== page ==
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  • Template-Free Hierarchical Self-Assembly of Iron Diselenide Nanoparticles into Mesoscale Hedgehogs Dawei Deng,†,‡ Changlong Hao,∇ Soumyo Sen,# Chuanlai Xu,∇ Petr Kraĺ,#

    and Nicholas A. Kotov*,†,∥,§,⊥

    †Department of Chemical Engineering, ∥Department of Biomedical Engineering, §Department of Materials Science and Engineering, and ⊥Biointerface Institute, University of Michigan, Ann Arbor, Michigan 48109, United States ‡School of Life Science and Technology, and State Key Laboratory of Natural Medicines, China Pharmaceutical University, Nanjing 210009, P. R. China ∇School of Food Science and Technology, State Key Lab of Food Science and Technology, Jiangnan University, Wuxi, Jiangsu 214122, P. R. China #Department of Chemistry, Physics and Biopharmaceutical Sciences,, University of Illinois at Chicago, Chicago, Illinois 60607, United States

    *S Supporting Information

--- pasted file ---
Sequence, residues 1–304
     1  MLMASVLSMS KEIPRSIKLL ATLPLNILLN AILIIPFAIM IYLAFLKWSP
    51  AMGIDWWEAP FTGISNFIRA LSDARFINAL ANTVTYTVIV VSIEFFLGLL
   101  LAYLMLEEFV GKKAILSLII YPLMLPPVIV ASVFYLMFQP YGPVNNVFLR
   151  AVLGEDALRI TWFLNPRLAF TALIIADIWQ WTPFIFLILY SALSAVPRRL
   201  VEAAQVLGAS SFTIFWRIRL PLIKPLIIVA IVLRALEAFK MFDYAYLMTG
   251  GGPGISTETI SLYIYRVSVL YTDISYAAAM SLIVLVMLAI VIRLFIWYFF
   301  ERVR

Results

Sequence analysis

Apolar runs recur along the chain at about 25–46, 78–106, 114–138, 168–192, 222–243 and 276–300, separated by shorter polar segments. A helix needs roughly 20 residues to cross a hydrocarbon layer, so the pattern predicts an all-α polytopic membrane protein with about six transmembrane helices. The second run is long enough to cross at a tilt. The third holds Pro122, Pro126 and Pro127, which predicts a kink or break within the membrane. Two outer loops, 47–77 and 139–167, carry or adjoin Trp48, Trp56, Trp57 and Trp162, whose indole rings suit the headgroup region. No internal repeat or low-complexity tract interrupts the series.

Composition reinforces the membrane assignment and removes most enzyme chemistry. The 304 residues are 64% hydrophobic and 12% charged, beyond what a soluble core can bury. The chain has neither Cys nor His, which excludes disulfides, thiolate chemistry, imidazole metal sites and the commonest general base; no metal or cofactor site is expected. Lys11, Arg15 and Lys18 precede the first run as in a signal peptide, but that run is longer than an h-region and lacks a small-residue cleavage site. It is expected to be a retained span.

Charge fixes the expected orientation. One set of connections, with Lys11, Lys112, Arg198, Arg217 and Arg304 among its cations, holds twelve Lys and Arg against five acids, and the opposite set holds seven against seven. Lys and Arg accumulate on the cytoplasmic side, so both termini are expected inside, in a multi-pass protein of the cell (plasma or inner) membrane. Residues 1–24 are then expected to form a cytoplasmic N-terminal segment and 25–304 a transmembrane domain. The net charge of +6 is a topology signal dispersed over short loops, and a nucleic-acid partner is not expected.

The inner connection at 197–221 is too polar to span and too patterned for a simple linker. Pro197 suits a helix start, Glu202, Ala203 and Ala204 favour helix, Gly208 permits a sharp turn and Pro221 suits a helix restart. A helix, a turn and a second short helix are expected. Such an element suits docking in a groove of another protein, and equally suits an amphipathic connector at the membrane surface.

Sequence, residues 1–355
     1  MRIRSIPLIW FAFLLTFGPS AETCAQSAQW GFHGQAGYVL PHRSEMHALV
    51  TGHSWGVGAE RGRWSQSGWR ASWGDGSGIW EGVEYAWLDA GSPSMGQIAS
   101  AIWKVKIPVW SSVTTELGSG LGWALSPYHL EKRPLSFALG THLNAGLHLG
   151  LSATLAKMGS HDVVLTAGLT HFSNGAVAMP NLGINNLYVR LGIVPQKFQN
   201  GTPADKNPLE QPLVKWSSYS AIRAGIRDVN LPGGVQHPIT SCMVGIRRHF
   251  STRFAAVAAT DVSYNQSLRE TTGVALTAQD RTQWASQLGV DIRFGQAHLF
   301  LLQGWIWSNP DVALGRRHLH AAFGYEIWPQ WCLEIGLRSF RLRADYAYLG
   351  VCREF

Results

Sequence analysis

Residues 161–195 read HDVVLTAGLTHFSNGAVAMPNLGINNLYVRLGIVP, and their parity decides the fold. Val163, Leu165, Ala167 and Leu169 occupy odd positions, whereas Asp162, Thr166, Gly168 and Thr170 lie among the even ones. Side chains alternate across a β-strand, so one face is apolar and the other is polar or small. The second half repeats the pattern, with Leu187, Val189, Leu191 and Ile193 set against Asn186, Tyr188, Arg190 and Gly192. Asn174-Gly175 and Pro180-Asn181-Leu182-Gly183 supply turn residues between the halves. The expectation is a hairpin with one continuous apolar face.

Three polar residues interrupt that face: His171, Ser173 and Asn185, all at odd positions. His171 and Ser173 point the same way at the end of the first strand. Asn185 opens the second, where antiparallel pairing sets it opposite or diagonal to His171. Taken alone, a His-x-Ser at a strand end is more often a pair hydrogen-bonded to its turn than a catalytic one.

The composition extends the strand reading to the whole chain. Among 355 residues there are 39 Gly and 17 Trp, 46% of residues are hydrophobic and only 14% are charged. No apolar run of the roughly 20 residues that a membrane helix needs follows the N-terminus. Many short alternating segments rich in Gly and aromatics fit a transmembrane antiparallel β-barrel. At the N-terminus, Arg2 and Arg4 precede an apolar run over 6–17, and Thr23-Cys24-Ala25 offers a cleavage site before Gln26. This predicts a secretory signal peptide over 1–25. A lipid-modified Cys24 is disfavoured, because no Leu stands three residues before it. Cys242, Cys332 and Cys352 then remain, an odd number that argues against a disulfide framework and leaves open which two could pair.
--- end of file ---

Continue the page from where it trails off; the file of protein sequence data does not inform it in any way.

ABSTRACT: The ability of semiconductor nanoparticles (NPs) to self-assemble has been known for several decades. However, the limits of the geometrical and functional complexity for the self-assembled nanostructures made from simple often polydispersed NPs are still continuing to amaze researchers. We report here the self- assembly of primary ∼2−4 nm FeSe2 NPs with puck-like shapes into either (a) monocrystalline nanosheets ∼5.5 nm thick and ∼1000 nm in lateral dimensions or (b) mesoscale hedgehogs ∼550 nm in diameter with spikes of ∼250 nm in length, and ∼10−15 nm in diameter, the path of the assembly is determined by the concentration of dodecanethiol (DT) in the reaction media. The nanosheets represent the constitutive part of hedgehogs. They are rolled into scrolls and assembled around a single core with distinct radial orientation forming nanoscale “needles” approximately doubling its fractal dimension of these objects. The core is assembled from primary NPs and nanoribbons. The size distribution of the mesoscale hedgehogs can be as low as 3.8%, indicating a self-limited mechanism of the assembly. Molecular dynamics simulation indicates that the primary FeSe2 particles have mobile edge atoms and asymmetric basal surfaces. The top-bottom asymmetry of the puck-like NPs originates from the Fe-rich/Se-rich stripes on the (011) surface of the orthorhombic FeSe2 crystal lattice, displaying 2.7 nm periodicity that is comparable to the lateral size of the primary NPs. As the concentration of DT increases, the NPs bind to additional metal sites, which increases the chemical and topographic asymmetry and switches the assembly pathways from nanosheets to hedgehogs. These results demonstrate that the self-assembly of NPs with non-biological surface ligands and without any biological templates results in morphogenesis of inorganic superstructures with complexity comparable to that of biological assemblies, for instance mimivirus. The semiconductor nature of FeSe2 hedgehogs enables their utilizations in catalysis, drug delivery, optics, and energy storage.